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The Princess Comes Across (#110 of 1)

Now and Forever: Early Carole Lombard at Film Forum

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Now and Forever: Early Carole Lombard at Film Forum
Now and Forever: Early Carole Lombard at Film Forum

[The Carole Lombard retrospective runs at Manhattan’s Film Forum from November 21st—December 2nd. Click here for more information.]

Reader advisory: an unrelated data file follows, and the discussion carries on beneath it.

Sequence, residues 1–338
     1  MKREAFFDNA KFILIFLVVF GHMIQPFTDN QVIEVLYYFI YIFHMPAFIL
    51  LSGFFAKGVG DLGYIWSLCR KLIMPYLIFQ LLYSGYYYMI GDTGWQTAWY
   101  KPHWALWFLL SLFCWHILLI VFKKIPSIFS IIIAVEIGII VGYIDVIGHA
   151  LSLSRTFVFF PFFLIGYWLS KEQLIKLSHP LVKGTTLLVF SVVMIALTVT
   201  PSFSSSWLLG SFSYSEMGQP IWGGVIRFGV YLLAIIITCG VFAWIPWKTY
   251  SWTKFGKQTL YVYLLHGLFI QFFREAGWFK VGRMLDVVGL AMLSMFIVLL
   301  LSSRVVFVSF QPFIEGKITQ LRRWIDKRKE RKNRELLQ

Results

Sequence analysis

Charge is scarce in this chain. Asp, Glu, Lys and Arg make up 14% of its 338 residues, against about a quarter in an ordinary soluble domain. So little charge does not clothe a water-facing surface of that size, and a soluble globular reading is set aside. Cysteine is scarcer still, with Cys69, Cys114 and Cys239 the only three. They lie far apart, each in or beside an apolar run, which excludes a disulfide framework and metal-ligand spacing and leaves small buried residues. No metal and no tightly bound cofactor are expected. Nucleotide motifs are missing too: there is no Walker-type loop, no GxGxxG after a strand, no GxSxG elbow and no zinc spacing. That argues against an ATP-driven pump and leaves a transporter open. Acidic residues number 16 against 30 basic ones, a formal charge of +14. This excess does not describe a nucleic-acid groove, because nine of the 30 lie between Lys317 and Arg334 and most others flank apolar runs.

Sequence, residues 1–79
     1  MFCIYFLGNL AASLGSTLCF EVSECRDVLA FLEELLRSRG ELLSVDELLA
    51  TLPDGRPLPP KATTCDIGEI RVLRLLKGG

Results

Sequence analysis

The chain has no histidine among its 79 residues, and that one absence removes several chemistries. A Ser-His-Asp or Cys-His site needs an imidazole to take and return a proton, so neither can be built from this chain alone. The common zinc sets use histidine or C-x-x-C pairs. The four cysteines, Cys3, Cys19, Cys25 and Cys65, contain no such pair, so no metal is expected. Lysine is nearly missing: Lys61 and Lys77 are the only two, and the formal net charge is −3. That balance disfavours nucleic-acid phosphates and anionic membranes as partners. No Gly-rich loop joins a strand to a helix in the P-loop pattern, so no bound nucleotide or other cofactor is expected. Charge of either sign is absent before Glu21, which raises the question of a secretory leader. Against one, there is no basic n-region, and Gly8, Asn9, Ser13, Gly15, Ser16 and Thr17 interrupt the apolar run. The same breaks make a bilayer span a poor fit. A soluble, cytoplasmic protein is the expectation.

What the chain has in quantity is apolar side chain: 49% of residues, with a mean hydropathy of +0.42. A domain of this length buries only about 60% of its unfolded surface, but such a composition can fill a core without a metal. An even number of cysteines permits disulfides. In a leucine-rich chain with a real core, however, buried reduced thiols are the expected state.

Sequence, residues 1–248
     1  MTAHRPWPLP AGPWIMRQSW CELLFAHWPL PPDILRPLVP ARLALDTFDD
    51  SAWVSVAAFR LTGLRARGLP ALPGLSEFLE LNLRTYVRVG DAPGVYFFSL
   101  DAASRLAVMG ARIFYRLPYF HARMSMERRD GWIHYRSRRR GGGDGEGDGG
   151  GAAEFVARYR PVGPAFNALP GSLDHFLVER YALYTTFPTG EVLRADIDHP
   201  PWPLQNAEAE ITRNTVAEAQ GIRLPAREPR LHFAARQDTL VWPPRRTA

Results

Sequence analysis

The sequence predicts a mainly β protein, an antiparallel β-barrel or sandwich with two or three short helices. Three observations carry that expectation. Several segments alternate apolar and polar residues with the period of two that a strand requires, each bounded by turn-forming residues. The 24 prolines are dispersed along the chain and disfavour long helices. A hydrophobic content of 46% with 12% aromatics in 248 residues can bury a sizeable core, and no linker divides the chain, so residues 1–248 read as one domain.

In at least seven movies, all of them comedies with serious undertones, the exuberant Carole Lombard became emblematic of the whole screwball comedy genre of the thirties, and she passed into folklore with her marriage to Clark Gable and her early death in a plane crash in 1942, at age 34. It’s her centenary this year, so there have been tributes, including a “star of the month” program on the indispensable Turner Classic Movies. TCM showed her seven wonders, starting with Howard Hawks’ Twentieth Century (1934) and ending with Ernst Lubitsch’s To Be or Not to Be (1942). In between those very different peaks, Lombard was the archetypal madcap heiress in Gregory La Cava’s My Man Godfrey (1936), a small town girl caught up in the publicity machine in the cutting Ben Hecht satire Nothing Sacred (1937), a manicurist on the make in Mitchell Leisen’s Hands Across the Table (1935), a congenital liar in the overlooked True Confession (1937), and a demanding, hot-to-trot wife for Alfred Hitchcock in Mr. and Mrs. Smith (1941).